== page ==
On another level, we can take a longer view of the sustainability rewards which could come from genomics research. Particularly as we start to understand the natural world at the genomic level, and use this knowledge across environmental conservation, protection of biodiversity, finding new tools for decarbonisation, as well as understanding ecosystems helping us all to be better custodians of the planet.
4. How does the Sanger Institute help to commercialise research? What sort of partnerships are formed, and how does this collaboration advance scientific research?
Colleagues here run a ‘start-up school’ where staff from all parts of the organisation can apply to attend and learn more about entrepreneurship. We hope that providing our people with a foundation in the process of ideation, regulation, and funding gives staff the sort of training and confidence to go on and potentially start up and commercialise an idea.
The Sanger Institute Translation Office works with scientists to identify projects that could have commercial application. The team provide support and advice to scientists, and they also operate a translation fund to provide funding which allows scientists time and funds to follow a lead, build more data and maybe take an initiative to the next stage. The Translation team also support scientists to explore spinning out a company and with pitching to potential funders.
We also invite senior scientists in co-located businesses on-site to give bench-to-boardroom seminars, to mentor staff, as well as informal coaching and networking to help build that culture of entrepreneurship.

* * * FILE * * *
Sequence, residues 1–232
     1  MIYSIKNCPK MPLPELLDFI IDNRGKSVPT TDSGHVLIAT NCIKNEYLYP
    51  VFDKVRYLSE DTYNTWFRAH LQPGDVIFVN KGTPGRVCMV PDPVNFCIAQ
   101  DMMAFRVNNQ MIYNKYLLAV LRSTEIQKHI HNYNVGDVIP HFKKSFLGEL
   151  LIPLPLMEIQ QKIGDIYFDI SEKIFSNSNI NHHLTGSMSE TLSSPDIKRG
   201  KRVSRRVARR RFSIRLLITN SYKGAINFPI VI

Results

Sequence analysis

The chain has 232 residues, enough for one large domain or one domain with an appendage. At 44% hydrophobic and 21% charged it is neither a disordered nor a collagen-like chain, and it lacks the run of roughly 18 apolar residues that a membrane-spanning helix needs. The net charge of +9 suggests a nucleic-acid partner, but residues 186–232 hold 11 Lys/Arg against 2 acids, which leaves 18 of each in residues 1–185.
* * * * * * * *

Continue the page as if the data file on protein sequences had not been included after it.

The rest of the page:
5. Why is the Oxford-Cambridge Arc an important region for innovation?
We benefit from a concentration of talent and skills. Science is insanely collaborative, and you need that critical mass of people. The beauty of the Arc, and the Golden Triangle, is that none of us can solve these world challenges alone: we need collaboration, like the fantastic nation-wide scheme Health Data Research UK, which frees up routinely collected health data for use in research and industry. You can’t make new discoveries with a small sample size, you must extend a hand to others to better society.
This ecosystem isn’t something you can replicate in a day, but something we can all learn from. The Oxford-Cambridge Arc represents decades of accumulated collaboration and starting from scratch anywhere else would require us to rebuild that entire ecosystem.
To succeed in science we need diversity of approach, of ideas, many people coming at the problem from different angles. We equally need that concentration of people, skills, and players in the ecosystem. Scientists are now increasingly comfortable moving from academia to NHS Trusts, or into the private sector and back again, bringing a better understanding of the language and the drivers of all these sectors.
6. How is the Wellcome Sanger Institute changing the world?
One such example of our impact was our recent work initially as part of the COG-UK Consortium to deliver Covid-19 virus genomes to the UK government to understand the spread of disease and help spot new variants. Skilled technical staff working at the Institute created and adapted protocols to rapidly sequence the virus genomes at scale, and then shared these protocols globally for the common good.
We have many years of experience in dealing with millions of samples, and experience of researching vast tomes of genomic data: ready to respond to any crisis and helping to keep the UK at the forefront of scientific research.